Maya Angelou would be 90 years old today. Although she died on May 28, 2014, her legacy continues to this day, so much so that Google dedicated a Doodle to her.
Angelou was an afro-descendant who decided to raise awareness for women's rights, fight racism and conquer more human rights. And despite having a complex life, she never stopped struggling and looking for a better society through his word.
When did she begin writing?
When she was 7 years old, she was sexually abused by her mother's partner. She denounced him and he was imprisoned for one day. Four days after leaving he was killed. Maya was silent. For five years she could not say a word. Sometime later she said that she thought her voice had killed him: "I killed that man by saying his name," she said, according to Cnet.
She did not speak for 5 years, but she found a way to communicate: she started reading Shakespeare, Dickens, Edgar Allen Poe and Afro artists such as Frances Harper, Anne Spencer and Jessie Fauset.
She devoted herself to reading and falling in love with literature until she had "the courage to rediscover her voice and overcome the trauma." Those years helped her to find in the word the mobile for social struggle and, above all, to overcome internal conflicts. It was there that she discovered that her future was not only in her throat, but in her fist, and not through violence, but in writing.
Hardworking and poet
Maya was a poet all her life. But to earn a living she worked as a cook, dancer, prostitute and, in addition, was the first African-descendant driver of the San Francisco cable car.
She wrote the screenplay for the movie Georgia in 1972 and was also the director of Down in the Delta in 1998. She was the second poet to recite a poem at Bill Clinton's 1992 presidential inauguration.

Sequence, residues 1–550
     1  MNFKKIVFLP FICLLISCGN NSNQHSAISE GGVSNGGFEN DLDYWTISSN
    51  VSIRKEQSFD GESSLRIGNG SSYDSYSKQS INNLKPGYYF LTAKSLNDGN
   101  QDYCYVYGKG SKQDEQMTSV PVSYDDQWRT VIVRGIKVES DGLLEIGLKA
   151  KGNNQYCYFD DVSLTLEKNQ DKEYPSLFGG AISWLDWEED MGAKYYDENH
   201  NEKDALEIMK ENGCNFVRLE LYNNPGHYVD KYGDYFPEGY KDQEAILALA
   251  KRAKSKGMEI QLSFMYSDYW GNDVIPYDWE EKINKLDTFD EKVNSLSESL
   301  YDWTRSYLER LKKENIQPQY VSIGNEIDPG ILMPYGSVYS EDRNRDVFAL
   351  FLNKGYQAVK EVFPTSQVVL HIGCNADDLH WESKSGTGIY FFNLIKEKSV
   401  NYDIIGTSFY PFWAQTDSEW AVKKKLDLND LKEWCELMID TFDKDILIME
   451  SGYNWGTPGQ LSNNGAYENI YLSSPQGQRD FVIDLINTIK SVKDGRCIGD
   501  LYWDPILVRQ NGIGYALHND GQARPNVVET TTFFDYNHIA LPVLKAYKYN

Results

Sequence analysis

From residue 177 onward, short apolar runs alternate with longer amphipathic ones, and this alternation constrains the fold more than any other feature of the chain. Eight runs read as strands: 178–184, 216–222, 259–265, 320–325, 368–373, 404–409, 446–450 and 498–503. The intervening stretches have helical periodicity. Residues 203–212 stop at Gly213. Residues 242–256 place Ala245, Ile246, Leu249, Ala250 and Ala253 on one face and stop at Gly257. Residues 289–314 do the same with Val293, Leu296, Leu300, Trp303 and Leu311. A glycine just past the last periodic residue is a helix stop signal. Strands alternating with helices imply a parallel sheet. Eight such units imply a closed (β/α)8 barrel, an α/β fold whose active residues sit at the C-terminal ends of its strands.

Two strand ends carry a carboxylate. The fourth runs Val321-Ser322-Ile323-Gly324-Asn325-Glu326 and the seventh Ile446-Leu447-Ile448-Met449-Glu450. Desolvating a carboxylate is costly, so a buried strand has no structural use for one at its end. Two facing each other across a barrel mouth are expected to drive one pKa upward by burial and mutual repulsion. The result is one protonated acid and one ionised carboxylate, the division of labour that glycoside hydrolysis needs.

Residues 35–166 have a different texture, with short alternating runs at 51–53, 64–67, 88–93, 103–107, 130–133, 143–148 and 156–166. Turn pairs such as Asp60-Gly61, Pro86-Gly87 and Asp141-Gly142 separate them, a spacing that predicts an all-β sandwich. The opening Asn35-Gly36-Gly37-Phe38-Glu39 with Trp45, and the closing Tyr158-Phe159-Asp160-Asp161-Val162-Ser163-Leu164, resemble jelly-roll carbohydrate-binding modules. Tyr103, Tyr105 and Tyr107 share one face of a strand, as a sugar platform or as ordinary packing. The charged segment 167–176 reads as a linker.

Until her last days, she continued writing and fighting for her convictions.
Always a fighter
"I learned that people will forget what you said, people will forget what you did, but they will never forget how you made them feel," said the poet. But on her 90th birthday, the world is remembering her for what she did, what she said and, also, what she made us feel with her poems.
One of her best-known poems is Still I Rise. Her words denote sadness, but at the same time strength. A lot happened in her life, but she still learned to get up and continue.
You may write me down in history
With your bitter, twisted lies,
You may trod me in the very dirt
But still, like dust, I'll rise.
Does my sassiness upset you?
Why are you beset with gloom?
’Cause I walk like I've got oil wells
Pumping in my living room.
Just like moons and like suns,
With the certainty of tides,
Just like hopes springing high,
Still I'll rise.
Did you want to see me broken?
Bowed head and lowered eyes?
Shoulders falling down like teardrops,
Weakened by my soulful cries?
Does my haughtiness offend you?
Don't you take it awful hard
’Cause I laugh like I've got gold mines
Diggin’ in my own backyard.
You may shoot me with your words,
You may cut me with your eyes,
You may kill me with your hatefulness,
But still, like air, I’ll rise.
Does my sexiness upset you?
Does it come as a surprise
That I dance like I've got diamonds
At the meeting of my thighs?
Out of the huts of history’s shame
Up from a past that’s rooted in pain
I'm a black ocean, leaping and wide,
Welling and swelling I bear in the tide.
Leaving behind nights of terror and fear
Into a daybreak that’s wondrously clear
Bringing the gifts that my ancestors gave,
I am the dream and the hope of the slave.
Maya left a very important legacy: getting up, despite all the obstacles that life can give us. Fight for our dreams. Do not let our fears leave us without a voice; and, if that is the case, find the way to shout, to express what we feel and what we want.
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